“It is one thing to bring scientific clarification to all issues about menopause, or to deliver state-of-the science, high-quality, preventive, and therapeutic health care to all women going through (and beyond) the menopause transition. It is quite another to use menopausal women as a 'market,' to knowingly attempt to industrialize, commercialize, and sell inappropriate 'remedies' purely for the sake of gathering the almighty dollar. The obscene haste with which some health-care professionals have jumped onto this bandwagon is troublesome. Remember—ultimately, when you sign the 'compounding' prescription, you accept the liability.”
It is Wyeth Pharmaceuticals that is culpable for turning menopausal women into a “market,” not the other way around. It was Premarin that in 1965 was sold to women with "obscene haste" and without adequate testing –which ultimately came to roost with the 2002 NIH studies. Bioidenticals came into being as a way to counter the tyranny of the Premarin/Prempro stranglehold on hormone therapy and the corruption of science relating to hormones that came with it.
Since the 2002 NIH studies repudiating Premarin and Prempro, it has been Dr. Wulf’s task on behalf of Wyeth to demonize bio-identicals in any way he can. According to Dr. Wulf, Wyeth, the Goliath in this story with its mega-billion dollar profits, is now being threatened by David, the compounding pharmacies providing bio-identicals, who haven’t even remotely the financial resources of Wyeth. We can only hope the ultimate outcome is true to the bible.
I really don’t know how Dr. Wulf can sleep at night…I have thought this for many years. But maybe now, as he is reaching retirement, he is twisting and turning in his bed trying mightily to spin his legacy and wipe out his personal culpability. Perhaps he has been so used to controlling the dialogue as Wyeth’s official obfuscator – wrapping himself in the length of his curriculum vitae, heretofore always being taken seriously by the media as the pre-eminent menopause expert – and now doesn’t realize just how ludicrous these articles are.
How Do the Recent NIH Study Results Relate to Natural/Bio-Identical Hormones?
"Oh what a tangled web we weave, when first we practice to deceive."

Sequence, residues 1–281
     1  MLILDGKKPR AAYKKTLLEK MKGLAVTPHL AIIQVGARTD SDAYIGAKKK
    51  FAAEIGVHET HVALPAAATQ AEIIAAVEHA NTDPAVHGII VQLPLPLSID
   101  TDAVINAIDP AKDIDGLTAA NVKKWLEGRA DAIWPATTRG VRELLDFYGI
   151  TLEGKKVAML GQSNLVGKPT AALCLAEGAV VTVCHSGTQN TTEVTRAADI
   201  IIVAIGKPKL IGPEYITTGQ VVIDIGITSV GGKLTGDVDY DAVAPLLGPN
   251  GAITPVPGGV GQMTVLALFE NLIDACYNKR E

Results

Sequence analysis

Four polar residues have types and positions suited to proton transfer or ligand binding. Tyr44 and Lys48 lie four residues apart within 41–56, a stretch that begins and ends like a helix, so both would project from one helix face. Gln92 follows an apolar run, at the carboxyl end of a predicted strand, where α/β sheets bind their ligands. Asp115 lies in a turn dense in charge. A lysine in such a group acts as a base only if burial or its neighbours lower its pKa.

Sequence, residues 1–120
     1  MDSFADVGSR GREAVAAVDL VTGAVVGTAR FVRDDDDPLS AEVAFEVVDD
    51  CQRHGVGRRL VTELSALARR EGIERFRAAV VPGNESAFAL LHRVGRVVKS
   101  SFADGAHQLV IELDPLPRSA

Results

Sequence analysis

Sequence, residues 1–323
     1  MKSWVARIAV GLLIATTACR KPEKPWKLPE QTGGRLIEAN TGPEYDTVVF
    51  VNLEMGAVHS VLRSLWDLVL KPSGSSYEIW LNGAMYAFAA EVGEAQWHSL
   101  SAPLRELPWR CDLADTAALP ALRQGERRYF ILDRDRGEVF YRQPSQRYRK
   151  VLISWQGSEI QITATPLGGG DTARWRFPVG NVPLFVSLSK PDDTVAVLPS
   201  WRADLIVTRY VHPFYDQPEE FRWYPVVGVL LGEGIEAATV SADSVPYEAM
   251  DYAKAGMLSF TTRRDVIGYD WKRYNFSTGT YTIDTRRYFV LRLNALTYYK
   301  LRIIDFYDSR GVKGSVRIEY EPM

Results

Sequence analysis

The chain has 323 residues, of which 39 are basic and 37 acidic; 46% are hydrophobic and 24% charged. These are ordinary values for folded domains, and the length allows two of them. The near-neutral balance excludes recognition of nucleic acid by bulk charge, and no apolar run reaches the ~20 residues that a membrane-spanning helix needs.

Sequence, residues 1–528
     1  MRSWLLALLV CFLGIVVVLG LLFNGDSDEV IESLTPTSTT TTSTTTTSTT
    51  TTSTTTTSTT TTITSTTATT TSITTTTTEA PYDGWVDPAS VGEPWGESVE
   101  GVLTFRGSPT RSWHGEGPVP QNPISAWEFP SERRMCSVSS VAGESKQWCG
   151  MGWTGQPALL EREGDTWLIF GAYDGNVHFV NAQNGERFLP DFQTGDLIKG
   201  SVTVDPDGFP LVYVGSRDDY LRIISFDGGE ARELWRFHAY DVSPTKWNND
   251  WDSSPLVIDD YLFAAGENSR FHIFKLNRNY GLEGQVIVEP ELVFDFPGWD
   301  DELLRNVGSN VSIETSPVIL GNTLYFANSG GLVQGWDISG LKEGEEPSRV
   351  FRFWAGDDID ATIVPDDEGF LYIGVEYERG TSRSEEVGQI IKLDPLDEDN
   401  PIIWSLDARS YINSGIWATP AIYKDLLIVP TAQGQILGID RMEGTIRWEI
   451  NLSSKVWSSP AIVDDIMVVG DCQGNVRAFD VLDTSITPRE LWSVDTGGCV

Ever since the cancellation in July of 2002 of a National Institutes of Health (NIH) study relating to HRT, I have been asked repeatedly by women how the study findings relate to natural/bio-identical hormones.
News that this large study had been cancelled unleashed a firestorm in the media and throughout the medical profession. The results of the study demonstrated that, contrary to the claims of the manufacturer, Wyeth Pharmaceuticals, women using Prempro did not receive the benefits relating to heart disease and osteoporosis that justified long-term use. Even more alarmingly, these women were in fact more at risk for heart disease and more at risk for breast cancer, blood clots, and stroke. The leaders of the study made the difficult decision to halt the trials three years early for fear of harming more women needlessly. Shortly thereafter, a study of women using Premarin alone was also cancelled.
There had been other studies in the preceding ten years that gave results linking Prempro and Premarin, the only hormone drugs used in this study, to accelerated risk of diseases, principally breast cancer. But the results of this particular study, because of its size and its government auspices, could not be downplayed and would prove a "tipping point" that would put a brake to prescribing Premarin and Prempro to women for lifetime use.
What was gospel in the medical profession for over thirty years suddenly became heresy.
The good news was that the prevailing medical standard of care of prescribing the predominant HRT drugs, Prempro and Premarin, for the prevention of disease was discredited. The not-so-good news was that all hormone therapies were tarred with the same brush.
Even as it reported the results of the study, the media didn’t give the whole story. The New York Times, in its lead article on the NIH study, quoted a spokesperson from Wyeth as saying the results relating to Prempro were dismaying but "it was the only product available for hormone replacement." The reporter let the statement stand without qualification, despite the fact that it was false.
Proponents of natural/bio-identical hormones were not surprised by the study results. It was primarily because of their opposition to Premarin/Prempro and other synthetic hormones that the movement to make bio-identical hormones more widely available began over twenty years ago in the US. A pioneering group of MDs, nurse practitioners, pharmacists, and other health professionals worked to provide an alternative to Premarin and Provera, which often came with significant side effects with daily usage: headaches, bloating, and severe mood swings, to name a few. The bio-identical hormones had been in use in Europe for fifty years, and in the US to a limited extent. Today there are thousands of US doctors who prescribe bio-identicals to hundreds of thousands of women. Yet in reports of the NIH study, almost all of the major newspaper and TV stories neglected to mention the bio-identical hormone regime. And almost all the media stories failed to answer the crucial questions: Why had doctors emphatically advised women for over two decades to take Prempro indefinitely, when it was only in 1997 that the NIH began a full-scale study? How could it be that an astonishing six million American women were taking this single drug, along with millions more worldwide?
Needless to say, it will be impossible to untangle all the causes of this debacle, but one point is clear: The NIH studies were not a repudiation of natural/bio-identical hormones. In fact, they represent a significant vindication for proponents of the bio-identical regime…
(read the complete chapter in A Woman's Guide to Natural Hormones, 2005 edition.)